July 29th, 2019 / Categories: 苏州纹眉
Toronto goes a little bit crazy at film festival time. Fans go ga-ga over the big stars in town, said stars do some serious partying and strange things happen. We can’t recount every weird occurrence from 40 years of TIFF – and there are plenty of them – but these are some of the highlights.
2015: Crowd hates the hug
Sir Patrick Stewart sure seems like a friendly and approachable star, but there are limits.
Story continues below
TIFF 2015: Benicio Del Toro confirms his role in new ‘Star Wars’ flick
TIFF 2015 Weekend Highlights
TIFF 2015 has titles from several Canadian journalists
One presumed superfan learned that — to her likely embarrassment – after making an overly intimate request.
At a press conference for Green Room, where Stewart plays a neo-Nazi gang leader, a woman stood up and said, “Since I’ll probably never get to do this another time, Patrick, can I have a hug?”
The request wasn’t as cute as she thought. After a second of stunned silence, the crowd booed her down and Stewart moved on to another question.
2011: Clooney’s caustic response
It’s not just the fans who ask silly questions either. Nobody looks to TIFF interviews for hard-hitting media questions, and every year brings fresh headlines of “Actor X responds to reporter’s dumb question.” In 2015, Legend star Tom Hardy captured headlines with his blunt response to a query about his sex life.
But perhaps the most stinging reporter rebuke came in 2011 when George Clooney humiliated a People magazine writer for a silly softball question. Paul Chi asked Clooney what was harder: directing movies or conducting a fairly public Hollywood love life.
Clooney clearly didn’t appreciate the question and embarrassed the hapless reporter with the following exchange:
Clooney: “What’s your name?”
Clooney: “What’s your last name, Paul?”
Clooney: “Everyone remember Paul Chi and his hard-hitting interview. Go back to your editor and tell them you asked that question, Paul.”
2007: Where there’s smoke, there’s ire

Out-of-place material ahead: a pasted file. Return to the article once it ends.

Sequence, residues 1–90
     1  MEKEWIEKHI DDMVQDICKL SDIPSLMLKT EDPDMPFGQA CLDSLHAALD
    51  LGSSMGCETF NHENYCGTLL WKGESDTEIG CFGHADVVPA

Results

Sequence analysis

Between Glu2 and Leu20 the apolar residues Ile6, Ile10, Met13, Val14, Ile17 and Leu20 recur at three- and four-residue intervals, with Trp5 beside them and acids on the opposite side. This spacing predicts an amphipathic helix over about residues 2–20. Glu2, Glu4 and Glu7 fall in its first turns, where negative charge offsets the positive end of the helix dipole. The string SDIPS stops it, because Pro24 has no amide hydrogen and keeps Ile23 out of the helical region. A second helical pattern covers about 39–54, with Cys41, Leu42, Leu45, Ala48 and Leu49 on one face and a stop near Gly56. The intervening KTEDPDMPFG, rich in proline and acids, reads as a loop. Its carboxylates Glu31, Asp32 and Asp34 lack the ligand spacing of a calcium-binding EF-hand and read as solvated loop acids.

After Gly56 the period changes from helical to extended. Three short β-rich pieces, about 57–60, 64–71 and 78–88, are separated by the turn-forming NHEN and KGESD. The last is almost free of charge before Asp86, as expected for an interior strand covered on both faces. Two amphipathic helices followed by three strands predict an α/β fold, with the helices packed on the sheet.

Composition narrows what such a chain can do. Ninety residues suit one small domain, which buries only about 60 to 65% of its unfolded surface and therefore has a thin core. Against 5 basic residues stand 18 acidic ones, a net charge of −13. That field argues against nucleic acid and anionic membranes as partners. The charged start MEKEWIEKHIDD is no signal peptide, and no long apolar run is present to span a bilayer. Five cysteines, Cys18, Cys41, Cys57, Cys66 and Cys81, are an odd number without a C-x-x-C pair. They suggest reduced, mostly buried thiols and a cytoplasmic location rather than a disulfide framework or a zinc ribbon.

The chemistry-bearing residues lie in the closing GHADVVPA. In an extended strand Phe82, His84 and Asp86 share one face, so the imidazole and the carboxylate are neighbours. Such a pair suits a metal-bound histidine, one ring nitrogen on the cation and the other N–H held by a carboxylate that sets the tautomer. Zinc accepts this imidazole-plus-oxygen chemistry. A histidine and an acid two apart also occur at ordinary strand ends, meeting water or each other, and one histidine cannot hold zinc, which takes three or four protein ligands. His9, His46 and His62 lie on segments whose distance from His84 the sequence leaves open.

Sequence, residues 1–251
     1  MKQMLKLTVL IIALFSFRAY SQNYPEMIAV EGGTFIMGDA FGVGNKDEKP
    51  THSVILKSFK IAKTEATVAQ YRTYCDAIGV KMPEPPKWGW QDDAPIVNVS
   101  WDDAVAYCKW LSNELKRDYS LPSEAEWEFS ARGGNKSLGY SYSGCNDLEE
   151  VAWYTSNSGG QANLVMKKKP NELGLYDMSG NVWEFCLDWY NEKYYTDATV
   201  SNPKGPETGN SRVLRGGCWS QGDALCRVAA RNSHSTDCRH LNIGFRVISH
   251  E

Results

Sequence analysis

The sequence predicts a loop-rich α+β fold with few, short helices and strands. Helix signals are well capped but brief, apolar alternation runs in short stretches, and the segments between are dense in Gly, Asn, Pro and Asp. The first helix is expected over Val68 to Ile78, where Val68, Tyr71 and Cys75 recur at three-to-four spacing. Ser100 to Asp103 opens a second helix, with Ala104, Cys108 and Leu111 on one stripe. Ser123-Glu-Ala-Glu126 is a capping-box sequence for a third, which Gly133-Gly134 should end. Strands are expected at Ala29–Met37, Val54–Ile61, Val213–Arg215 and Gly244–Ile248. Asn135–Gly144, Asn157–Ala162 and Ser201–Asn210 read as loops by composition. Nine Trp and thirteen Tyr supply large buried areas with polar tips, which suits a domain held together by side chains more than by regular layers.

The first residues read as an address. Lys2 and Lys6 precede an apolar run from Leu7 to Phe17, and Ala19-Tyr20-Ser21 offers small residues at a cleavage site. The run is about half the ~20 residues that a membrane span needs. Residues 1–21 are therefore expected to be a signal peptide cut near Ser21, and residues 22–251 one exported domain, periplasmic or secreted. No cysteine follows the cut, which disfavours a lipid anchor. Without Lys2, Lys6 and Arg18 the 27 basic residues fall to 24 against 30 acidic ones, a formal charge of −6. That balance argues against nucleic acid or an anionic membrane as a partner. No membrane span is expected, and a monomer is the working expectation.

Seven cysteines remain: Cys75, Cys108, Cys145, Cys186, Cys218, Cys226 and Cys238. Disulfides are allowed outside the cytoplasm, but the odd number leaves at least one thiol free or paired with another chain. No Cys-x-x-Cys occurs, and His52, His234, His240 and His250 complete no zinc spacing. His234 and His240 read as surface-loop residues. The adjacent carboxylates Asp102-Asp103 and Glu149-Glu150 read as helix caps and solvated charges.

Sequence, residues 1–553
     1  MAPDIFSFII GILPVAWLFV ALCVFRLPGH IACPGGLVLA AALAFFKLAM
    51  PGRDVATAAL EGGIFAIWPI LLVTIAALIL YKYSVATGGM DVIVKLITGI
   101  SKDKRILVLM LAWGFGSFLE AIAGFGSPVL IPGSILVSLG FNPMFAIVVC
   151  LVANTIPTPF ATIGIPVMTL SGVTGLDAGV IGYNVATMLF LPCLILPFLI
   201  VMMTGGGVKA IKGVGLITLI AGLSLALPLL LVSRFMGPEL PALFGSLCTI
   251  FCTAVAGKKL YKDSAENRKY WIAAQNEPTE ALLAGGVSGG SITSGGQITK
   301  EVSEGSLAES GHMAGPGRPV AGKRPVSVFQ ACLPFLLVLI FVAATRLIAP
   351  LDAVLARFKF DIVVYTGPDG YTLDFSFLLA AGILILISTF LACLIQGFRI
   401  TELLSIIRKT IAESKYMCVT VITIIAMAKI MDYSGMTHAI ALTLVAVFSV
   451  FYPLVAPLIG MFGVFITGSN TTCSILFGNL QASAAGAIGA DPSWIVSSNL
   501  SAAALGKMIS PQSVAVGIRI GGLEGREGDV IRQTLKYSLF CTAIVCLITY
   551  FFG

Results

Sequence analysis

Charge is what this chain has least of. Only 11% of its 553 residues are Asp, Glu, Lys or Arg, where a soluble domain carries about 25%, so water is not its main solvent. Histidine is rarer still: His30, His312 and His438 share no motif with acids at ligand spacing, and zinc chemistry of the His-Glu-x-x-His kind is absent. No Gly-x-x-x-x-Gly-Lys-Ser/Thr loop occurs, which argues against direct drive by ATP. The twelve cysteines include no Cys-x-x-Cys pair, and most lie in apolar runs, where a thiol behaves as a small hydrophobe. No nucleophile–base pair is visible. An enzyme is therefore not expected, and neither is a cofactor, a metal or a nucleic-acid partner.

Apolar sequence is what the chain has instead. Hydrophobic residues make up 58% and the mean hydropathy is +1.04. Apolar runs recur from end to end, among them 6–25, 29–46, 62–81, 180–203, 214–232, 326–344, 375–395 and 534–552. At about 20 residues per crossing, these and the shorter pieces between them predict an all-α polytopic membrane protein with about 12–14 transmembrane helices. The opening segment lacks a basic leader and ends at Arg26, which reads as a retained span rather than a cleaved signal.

In the movie The Game, Sean Penn’s character lights up a cigarette in a fancy San Francisco restaurant, only to be told that it’s illegal in California. His response: “F—k California!”
Life imitated art in 2007 as Penn carelessly smoked through a press conference in the Sutton Place Hotel, despite the provincial ban on smoking during indoor events. Penn took plenty of criticism, and the province’s minister of health promotion admonished TIFF organizers to remind stars about Ontario smoking laws.
Despite the uproar, Penn escaped unpunished. The hotel was fined $600.
2004: Ed Harris explains violence … sort of
You’ll rarely see a press conference go from “lighthearted” to “painfully awkward” to “finished” as fast as this one. In case you couldn’t figure out that the film A History of Violence is about, well violence, actor Ed Harris made a clumsy attempt to explain.
1991: Premiere not a priority for director
The Fisher King isn’t among director Terry Gilliam’s best-received films, and it seems the auteur himself wasn’t too jazzed about it back in 1992. Or at least there was a more entertaining show in town.
Festival organizers were frantic when the director disappeared just before the premiere. He was eventually found at the SkyDome enjoying a Blue Jays game.
In his defence, the Jays were looking pretty good that year, just one year away from their first World Series win. And can you expect a Monty Python member and the creator of Brazil to behave in any rational way?
1987: Giant hassle
TIFF has morphed into a world-class festival that attracts major names, but the biggest star – literally – came to town back in the late ‘80s.
Pro wrestler Andre the Giant came to TIFF in 1987 to help promote The Princess Bride, but his sheer size created headaches for festival personnel. At 7’4″ and weighing over 500 pounds, the French heavyweight couldn’t fit into an average theatre seat, and needed a custom-built one for the movie premiere.
Then-theatre manager Don McKellar, who would go on to a distinguished directorial career, recalled that Andre required a seat exactly twice the size of a normal one.